This Court explained,

"The only limit to § 1997e(a)'s mandate is the one baked into its text: An inmate need exhaust only such administrative remedies as are 'available.'" 136 S. Ct. 1850, 1862 (2016). For an administrative remedy to be available, the "remedy must be 'capable of use for the accomplishment of [its] purpose.'" Turner v. Burnside, 541 F.3d 1077, 1084 (11thCir. 2008) (quoting Goebert v. Lee Cty., 510 F.3d 1312, 1322-23 (11th Cir. 2007)).
In Ross,[2] the Supreme Court identified three circumstances in which administrative remedies would be considered unavailable. First, "an administrative procedure is unavailable when (despite what regulations or guidance materials may promise) it operates as a simple dead end—with officers unable or consistently unwilling to provide any relief to aggrieved inmates." 136 S. Ct. at 1859. Second, "an administrative scheme might be so opaque that it becomes, practically speaking, incapable of use. In this situation, some mechanism exists to provide relief, but no ordinary prisoner can discern or navigate it." Id. Third, an administrative remedy is unavailable "when prison administrators thwart inmates from taking advantage of a grievance process through machination, misrepresentation, or intimidation." Id. at 1860.

Davis v. Sec'y, Dept. of Corr., No. 3:15-CV-649-J-34JRK, 2017 WL 1885366, at *3-4 (M.D. Fla. May 9, 2017) (emphasis added).

In undertaking a review of the question of exhaustion, "[t]he only facts pertinent to determining whether a prisoner has satisfied the PLRA's exhaustion requirement are those that existed when he filed his original complaint. Smith v. Terry, 491 F. App'x 81, 83 (11th Cir. 2012) (per curiam) (citing Harris v. Garner, 216 F.3d 970, 981 (11th Cir. 2000) (en banc)). Indeed, "[t]he time the [PLRA] sets for determining whether exhaustion of administrative remedies has occurred is when the legal action is brought, because it is then that the exhaustion bar is to be applied." Wheeler v.Davis, No. 5:14CV271/WS/CJK, 2017 WL 1029119, at *3 (N.D. Fla. Feb. 6, 2017) (report and recommendation) (quoting Goebert v. Lee Cty., 510 F.3d 1312, 1324 (11th Cir. 2007)) (emphasis in Wheeler), report and recommendation adopted by No. 5:14CV271-WS/CJK, 2017 WL 1027035 (N.D. Fla. Mar. 16, 2017). Thus, the relevant question before this Court is whether Plaintiff properly exhausted his available administrative remedies as of July 1, 2015.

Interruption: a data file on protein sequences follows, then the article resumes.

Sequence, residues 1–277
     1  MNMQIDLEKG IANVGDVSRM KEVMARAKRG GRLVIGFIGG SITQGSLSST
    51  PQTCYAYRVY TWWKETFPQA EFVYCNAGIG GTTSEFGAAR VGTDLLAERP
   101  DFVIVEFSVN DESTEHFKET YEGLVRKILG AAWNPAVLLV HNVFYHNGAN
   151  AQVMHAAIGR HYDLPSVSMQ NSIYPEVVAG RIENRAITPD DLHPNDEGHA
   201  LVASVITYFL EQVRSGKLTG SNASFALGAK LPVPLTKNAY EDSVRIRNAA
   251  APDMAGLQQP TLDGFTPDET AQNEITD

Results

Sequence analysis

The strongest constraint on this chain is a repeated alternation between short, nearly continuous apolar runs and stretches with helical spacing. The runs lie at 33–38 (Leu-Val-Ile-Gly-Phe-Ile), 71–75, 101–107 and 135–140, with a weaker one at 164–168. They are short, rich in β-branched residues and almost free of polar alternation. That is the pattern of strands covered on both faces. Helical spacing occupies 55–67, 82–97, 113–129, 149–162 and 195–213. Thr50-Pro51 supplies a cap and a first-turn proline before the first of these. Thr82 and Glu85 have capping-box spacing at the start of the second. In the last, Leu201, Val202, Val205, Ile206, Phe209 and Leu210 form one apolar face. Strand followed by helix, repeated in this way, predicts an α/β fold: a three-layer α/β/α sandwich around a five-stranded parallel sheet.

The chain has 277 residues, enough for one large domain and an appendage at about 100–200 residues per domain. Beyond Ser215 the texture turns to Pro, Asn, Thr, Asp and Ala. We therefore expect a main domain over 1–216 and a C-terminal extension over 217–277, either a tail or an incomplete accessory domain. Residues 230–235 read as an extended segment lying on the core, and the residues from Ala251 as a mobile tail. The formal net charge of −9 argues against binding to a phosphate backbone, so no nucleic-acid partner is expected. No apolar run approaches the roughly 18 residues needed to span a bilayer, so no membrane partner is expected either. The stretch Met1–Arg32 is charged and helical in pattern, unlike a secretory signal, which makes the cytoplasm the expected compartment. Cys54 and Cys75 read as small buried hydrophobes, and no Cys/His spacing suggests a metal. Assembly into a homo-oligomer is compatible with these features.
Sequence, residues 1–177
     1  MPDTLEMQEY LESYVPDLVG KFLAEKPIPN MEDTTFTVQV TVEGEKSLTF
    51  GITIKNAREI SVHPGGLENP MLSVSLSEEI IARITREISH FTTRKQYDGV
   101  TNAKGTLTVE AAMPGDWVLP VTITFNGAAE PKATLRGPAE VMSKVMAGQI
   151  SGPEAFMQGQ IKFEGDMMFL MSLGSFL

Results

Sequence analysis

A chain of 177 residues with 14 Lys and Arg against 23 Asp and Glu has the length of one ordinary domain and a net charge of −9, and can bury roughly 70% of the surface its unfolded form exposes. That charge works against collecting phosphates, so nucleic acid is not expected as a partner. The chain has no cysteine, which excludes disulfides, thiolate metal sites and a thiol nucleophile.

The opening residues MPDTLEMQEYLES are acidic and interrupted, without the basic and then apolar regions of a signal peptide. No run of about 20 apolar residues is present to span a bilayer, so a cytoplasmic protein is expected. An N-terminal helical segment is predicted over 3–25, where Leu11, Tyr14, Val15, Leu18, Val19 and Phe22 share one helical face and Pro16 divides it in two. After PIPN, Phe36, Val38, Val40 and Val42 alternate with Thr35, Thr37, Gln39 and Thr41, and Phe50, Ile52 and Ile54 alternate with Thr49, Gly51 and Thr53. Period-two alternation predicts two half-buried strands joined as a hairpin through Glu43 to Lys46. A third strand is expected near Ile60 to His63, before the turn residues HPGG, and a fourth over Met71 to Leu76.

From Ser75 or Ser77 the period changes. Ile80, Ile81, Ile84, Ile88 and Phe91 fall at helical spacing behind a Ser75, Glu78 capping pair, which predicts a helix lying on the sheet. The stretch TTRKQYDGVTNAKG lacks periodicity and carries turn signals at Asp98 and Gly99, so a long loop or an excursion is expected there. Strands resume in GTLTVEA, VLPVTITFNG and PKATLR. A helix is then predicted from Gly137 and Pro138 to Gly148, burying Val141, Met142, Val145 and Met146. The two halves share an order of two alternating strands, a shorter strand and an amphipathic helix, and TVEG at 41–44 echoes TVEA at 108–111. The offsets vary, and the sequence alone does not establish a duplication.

As noted by Defendant Ellis, Plaintiff was required to exhaust his administrative remedies prior to filing his lawsuit. Ellis' Motion at 2. The question of availability of the procedure goes to whether the administrative procedure was available before July 1, 2015, prior to the filing of the initial complaint. To construe the exhaustion requirement otherwise would render the PLRA "a toothless scheme." Woodford, 548 U.S. at 95.

Plaintiff asserts that he alleged sufficient facts in his Complaint to satisfy the exhaustion requirement, and alternatively, his failure to exhaust administrative remedies should be excused because Defendant Ellis threatened Plaintiff with further harm if Plaintiff's continued to complain about his conditions. Response/Ellis at 1. Indeed, Plaintiff contends that, through his actions, "Ellis effectively waived, or should otherwise be estopped from asserting" Plaintiff's failure to satisfy the exhaustion requirement. Id.

In undertaking a review concerning the exhaustion of administrative remedies, the Court must employ a two-step process:

After a prisoner has exhausted the grievance procedures, he may file suit under § 1983. In response to a prisoner suit, defendants may bring a motion to dismiss and raise as a defense the prisoner's failure to exhaust these administrative remedies. SeeTurner, 541 F.3d at 1081. In Turner v. Burnside we established a two-step process for resolving motions to dismiss prisoner lawsuits for failure to exhaust. 541 F.3d at 1082. First, district courts look to the factual allegations in the motion to dismiss and those in the prisoner's response and accept the prisoner's view of the facts as true. The court should dismiss if the facts as stated by the prisoner show a failure to exhaust. Id. Second, if dismissal is not warranted on the prisoner's view of the facts, the court makes specific findings to resolve disputes of fact, and should dismiss if, based on those findings, defendants have shown a failure to exhaust. Id. at 1082-83; seealsoid. at 1082 (explaining that defendants bear the burden of showing a failure to exhaust).

Whatley, 802 F.3d at 1209.

Additionally, not only is there a recognized exhaustion requirement, "the PLRA exhaustion requirement requires proper exhaustion." Woodford, 548 U.S at 93.

Because exhaustion requirements are designed to deal with parties who do not want to exhaust, administrative